AT&T Inc. (T - Get Report) CEO Randall Stephenson got some bad news on Monday, Nov. 6, about his pending acquisition of Time Warner Inc. (TWX) at just about the same time CNBC was reporting that Walt Disney Co. (DIS - Get Report) executives had been talking to counterparts at Twenty-First Century Inc. (FOXA) about a huge, industry-altering deal.
The two stories roiled the stocks of all four companies -- and much of the media sector -- as Time Warner tumbled and Fox jumped.
At the heart of both happenings is the story about the pressure that the country's largest media companies are under to try to figure out a viable future now that cable-TV is no longer the cozy, profitable business its been for 40-plus years.
The great disruption known as the internet has forever shaken that comfortable cocoon. Netflix Inc. (NFLX - Get Report) has attracted more than 109 million subscribers worldwide, all paying a relatively modest $10 per month to watch lots of high-quality TV serials and movies. Meanwhile, appointment television has all but died dead despite AT&T's bet that consumers will still pony up $60 per month for DirecTV Now, its streaming facsimile of cable-TV.
On Monday, Stephenson met with President Trump's recently confirmed head of the Department of Justice's antitrust division, Makan Delrahim, and what he heard was enough to send Time Warner's shares plummeting. Stephenson explained, in an interview with The New York Times, that the Trump Administration position on antitrust isn't what most corporate executives expected. Delrahim, who said a year ago that regulators would probably approve the $85.4 billion AT&T-Time Warner deal, intimated that the DOJ was taking a more nuanced look at so-called "vertical mergers."
So, rather than giving a near-automatic green light to mergers between a distribution company (AT&T) and a content company (Time Warner), the DOJ appears also be looking at the question of size and whether bigger means better for average consumers. The DOJ has been concerned about size and in the past. Even as it approved Comcast Corp.'s (CMCSA - Get Report) acquisition of NBCUniversal in 2011, regulators expressed concern about vertical mergers.
On Wednesday, the Financial Times reported that Delrahim's team demanded that AT&T sell either DirecTV, the satellite TV operator it acquired in July 2015, or CNN, the news network that Trump has repeatedly accused of unfair coverage despite similar work being produced by The Washington Post, the Times and Politico, among others.
Delrahim may also be seeking the sale of Time Warner's Turner Broadcasting System Inc., which owns networks including CNN, TBS and TNT, if it hopes to win regulatory approval for the deal. Subsequent news reports ostensibly coming from a DOJ source alleged AT&T had actually offered to sell CNN. An exasperated Stephenson then issued a statement aimed at calming the waters at Turner and seeking to draw his own line in the sand.
"Until now, we've never commented on our discussions with the DOJ," he said in an emailed statement. "But given DOJ's statement this afternoon, it's important to set the record straight. Throughout this process, I have never offered to sell CNN and have no intention of doing so."
Time Warner's shares rebounded on Friday, jumping 4.1% to $90.60, amid a sense that Stephenson could win in court and that negotiations between AT&T and the DOJ may ultimately lead to a compromise.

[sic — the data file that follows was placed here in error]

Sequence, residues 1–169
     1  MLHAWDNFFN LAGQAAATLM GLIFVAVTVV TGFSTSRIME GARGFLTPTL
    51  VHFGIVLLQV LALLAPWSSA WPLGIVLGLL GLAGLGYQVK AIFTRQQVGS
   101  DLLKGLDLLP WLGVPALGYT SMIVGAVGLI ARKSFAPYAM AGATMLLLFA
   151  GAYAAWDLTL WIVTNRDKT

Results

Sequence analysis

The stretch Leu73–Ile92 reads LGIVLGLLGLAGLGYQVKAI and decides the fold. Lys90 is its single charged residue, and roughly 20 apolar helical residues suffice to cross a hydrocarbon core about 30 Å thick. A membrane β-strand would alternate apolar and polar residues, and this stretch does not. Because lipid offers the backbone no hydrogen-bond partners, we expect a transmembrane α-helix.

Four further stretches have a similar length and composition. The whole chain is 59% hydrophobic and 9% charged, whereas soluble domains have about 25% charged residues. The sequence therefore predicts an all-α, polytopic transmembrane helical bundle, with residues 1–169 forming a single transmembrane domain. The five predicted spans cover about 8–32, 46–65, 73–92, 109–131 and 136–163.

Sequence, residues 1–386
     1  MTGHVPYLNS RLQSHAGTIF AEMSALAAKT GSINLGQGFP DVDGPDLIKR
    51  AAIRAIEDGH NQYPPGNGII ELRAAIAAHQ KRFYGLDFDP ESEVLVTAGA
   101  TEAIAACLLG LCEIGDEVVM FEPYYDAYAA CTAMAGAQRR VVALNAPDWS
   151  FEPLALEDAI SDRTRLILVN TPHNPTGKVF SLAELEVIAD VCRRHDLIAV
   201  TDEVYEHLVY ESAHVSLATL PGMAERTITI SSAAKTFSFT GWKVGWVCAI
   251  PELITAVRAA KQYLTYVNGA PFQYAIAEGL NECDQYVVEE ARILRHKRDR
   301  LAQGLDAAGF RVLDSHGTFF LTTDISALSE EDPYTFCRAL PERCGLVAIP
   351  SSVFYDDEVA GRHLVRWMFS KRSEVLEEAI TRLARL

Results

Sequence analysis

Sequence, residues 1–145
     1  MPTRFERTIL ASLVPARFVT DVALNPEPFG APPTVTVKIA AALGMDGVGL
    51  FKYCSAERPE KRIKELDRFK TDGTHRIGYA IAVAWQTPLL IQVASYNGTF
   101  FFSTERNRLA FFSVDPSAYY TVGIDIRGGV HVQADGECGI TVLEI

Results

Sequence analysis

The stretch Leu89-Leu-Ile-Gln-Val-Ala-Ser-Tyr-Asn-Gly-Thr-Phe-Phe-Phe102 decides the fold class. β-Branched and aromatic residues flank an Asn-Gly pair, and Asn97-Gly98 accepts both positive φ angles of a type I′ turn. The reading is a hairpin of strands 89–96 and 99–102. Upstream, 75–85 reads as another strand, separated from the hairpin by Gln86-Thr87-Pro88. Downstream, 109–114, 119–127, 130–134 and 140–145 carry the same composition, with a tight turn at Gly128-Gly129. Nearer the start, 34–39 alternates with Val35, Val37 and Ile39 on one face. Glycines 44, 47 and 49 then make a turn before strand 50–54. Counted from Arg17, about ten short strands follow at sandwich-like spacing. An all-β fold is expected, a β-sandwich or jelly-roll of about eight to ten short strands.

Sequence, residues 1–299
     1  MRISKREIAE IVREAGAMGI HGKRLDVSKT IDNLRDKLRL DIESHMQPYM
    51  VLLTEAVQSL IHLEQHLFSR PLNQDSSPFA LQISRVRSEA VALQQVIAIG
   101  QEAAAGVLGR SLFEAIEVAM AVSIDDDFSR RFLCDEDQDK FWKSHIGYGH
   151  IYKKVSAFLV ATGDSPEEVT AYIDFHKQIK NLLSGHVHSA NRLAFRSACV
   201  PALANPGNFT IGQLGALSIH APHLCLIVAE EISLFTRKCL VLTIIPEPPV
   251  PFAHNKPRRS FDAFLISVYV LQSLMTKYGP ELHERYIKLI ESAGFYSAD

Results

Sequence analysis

Disney and Fox, meanwhile, ended the week on high notes, following the CNBC report that Fox might be considering the sale of its 20th Century Fox film studio, its many TV production studios as well as the Star India networks and the company's 39% stake in European satellite TV provider Sky plc, with Disney as a potential buyer.
Fox CEO James Murdoch, in an investor conference call Wednesday, declined to comment on the CNBC story, preferring to exclaim that all is fine in the House of Murdoch, the company has all the parts (especially if U.K. regulators would just approve its $15.4 billion acquisition of the 61% of Sky it doesn't already own).
"Fox has the required scale to continue to both execute on our growth strategy and deliver increased returns to shareholders," Murdoch said, ostensibly hoping the story would go away.
Disney, meanwhile, on Thursday impressed investors with details of its new streaming services and the announcement of a new "Star Wars" trilogy, enough to divert the market's attention away from the usual story of declining pay-TV subscribers at ESPN.
The two stories -- AT&T-Time Warner and Disney-Fox -- appeared to intersect by midday on Friday when Vanity Fair's Gabriel Sherman let fly another one of his thorns intended for a Murdoch backside. Murdoch, Sherman wrote, may be attempting to leverage Fox News Channel's many months of positive (over-the-top) coverage of the president by getting the DOJ to scuttle AT&T-Time Warner. Fox declined to comment on Sherman's report.
Murdoch, said Vanity Fair, is still smarting from Fox having been thwarted three years ago in its attempt to buy Time Warner.
"The theory is that Murdoch privately encouraged Trump to scuttle the deal as revenge for Time Warner rejecting Murdoch's $80 billion takeover offer in 2014," Sherman wrote, adding that an unnamed person "close to Murdoch" told him "he'd work behind the scenes to stop it."
On reports like that, media watchers might expect that the craziness of early November could last through Thanksgiving, or beyond.